One would expect some push back when making major changes to education. Students, parents and even other teachers often have challenges dealing with adjustments that aren’t like what they are used to.
Change is hard even to those who want and crave it.
Consistency even when not meaningful has a way of making people feel safe.
So when I decided I was going to change my grading practices, you can imagine some of the concerns and challenges I was to face.
Although students often appear to understand the necessity of the shift after many conversations as full class discussions, small groups and one on one conferences, there are setbacks we face. For example, when discussing standards, students still are trained to wait for and focus on the grade.
Many refocusing conversations need to be had and we must be patient.
Honestly, it took me many years to come to this point after many years of disservice to my students with punitive measures taken when they didn’t comply with my rules. It wasn’t really about achievement, it was about control.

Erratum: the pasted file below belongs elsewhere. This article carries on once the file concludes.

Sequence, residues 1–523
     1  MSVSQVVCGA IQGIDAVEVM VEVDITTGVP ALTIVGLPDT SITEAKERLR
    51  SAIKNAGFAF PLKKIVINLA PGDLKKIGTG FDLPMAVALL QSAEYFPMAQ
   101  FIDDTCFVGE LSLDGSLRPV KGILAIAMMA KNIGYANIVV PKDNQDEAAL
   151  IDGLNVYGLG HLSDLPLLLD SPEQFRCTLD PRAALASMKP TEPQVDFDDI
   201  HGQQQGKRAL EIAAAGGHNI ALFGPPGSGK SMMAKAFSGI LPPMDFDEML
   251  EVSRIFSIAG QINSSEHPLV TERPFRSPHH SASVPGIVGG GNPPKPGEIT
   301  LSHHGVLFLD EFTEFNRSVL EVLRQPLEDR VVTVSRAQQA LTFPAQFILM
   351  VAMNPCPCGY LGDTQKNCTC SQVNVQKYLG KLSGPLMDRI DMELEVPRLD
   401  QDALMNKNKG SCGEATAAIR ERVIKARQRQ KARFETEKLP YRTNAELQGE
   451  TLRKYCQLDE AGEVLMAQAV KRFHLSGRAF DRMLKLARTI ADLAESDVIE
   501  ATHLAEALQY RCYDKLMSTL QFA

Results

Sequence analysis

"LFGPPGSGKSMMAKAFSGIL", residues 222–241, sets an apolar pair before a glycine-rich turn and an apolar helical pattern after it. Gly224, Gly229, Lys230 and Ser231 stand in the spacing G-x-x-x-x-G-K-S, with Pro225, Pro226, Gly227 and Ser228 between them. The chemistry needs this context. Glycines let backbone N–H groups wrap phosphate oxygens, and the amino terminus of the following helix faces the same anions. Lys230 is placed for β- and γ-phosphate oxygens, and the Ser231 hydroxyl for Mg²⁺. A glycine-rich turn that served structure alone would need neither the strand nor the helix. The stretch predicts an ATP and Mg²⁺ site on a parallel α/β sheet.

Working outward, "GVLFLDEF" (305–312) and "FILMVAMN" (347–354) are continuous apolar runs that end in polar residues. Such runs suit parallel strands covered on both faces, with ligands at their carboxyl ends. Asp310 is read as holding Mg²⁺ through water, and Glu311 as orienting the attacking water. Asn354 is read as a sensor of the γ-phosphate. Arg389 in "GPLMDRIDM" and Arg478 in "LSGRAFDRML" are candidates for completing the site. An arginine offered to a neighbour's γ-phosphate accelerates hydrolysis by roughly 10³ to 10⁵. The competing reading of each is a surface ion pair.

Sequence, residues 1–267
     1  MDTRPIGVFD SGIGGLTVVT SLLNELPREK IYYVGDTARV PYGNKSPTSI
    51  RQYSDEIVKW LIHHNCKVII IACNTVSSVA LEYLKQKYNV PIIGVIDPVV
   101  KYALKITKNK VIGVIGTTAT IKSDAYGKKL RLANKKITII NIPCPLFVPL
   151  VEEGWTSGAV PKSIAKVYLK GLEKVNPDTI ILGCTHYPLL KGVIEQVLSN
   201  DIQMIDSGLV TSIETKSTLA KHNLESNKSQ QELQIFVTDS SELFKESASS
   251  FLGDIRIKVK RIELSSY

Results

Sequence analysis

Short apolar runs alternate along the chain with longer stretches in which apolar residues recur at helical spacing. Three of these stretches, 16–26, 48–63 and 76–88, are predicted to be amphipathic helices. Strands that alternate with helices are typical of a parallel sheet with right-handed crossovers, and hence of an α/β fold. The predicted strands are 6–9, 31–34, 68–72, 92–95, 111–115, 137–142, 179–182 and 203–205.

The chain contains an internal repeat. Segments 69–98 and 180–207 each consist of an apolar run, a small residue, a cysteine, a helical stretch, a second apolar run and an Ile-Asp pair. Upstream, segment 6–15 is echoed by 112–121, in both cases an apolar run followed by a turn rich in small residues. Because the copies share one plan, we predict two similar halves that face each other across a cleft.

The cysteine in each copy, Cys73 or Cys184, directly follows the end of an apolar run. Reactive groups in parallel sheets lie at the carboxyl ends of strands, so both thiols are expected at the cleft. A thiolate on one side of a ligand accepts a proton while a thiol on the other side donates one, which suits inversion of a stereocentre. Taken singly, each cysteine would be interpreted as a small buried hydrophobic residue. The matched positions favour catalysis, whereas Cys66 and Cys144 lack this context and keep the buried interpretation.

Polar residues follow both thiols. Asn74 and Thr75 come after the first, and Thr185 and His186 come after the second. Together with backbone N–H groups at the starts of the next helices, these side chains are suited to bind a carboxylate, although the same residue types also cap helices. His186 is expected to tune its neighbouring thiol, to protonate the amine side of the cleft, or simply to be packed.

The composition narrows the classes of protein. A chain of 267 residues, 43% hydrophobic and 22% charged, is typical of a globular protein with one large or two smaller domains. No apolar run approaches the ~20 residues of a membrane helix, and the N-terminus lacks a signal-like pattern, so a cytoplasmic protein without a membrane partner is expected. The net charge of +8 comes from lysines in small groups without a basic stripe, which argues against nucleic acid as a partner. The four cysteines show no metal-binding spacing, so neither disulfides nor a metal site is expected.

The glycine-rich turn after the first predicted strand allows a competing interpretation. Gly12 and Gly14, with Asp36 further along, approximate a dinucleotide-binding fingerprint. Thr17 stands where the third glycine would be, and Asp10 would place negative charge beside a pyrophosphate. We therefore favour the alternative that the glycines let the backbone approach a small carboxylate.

Many of my of high functioning students relied on this practice because they are good at playing the game of school. Lower functioning kids usually rebel and pretend they don’t care about their learning.
By getting rid of grades, students can focus on what they know and can do and develop strategies for skills and content they have yet to master. This is a much more inclusive teaching philosophy because no one is expected to be the same.
So I’m not giving up.
What challenges are you experiencing with grading practices in your classroom? Please share
The opinions expressed in Work in Progress are strictly those of the author(s) and do not reflect the opinions or endorsement of Editorial Projects in Education, or any of its publications.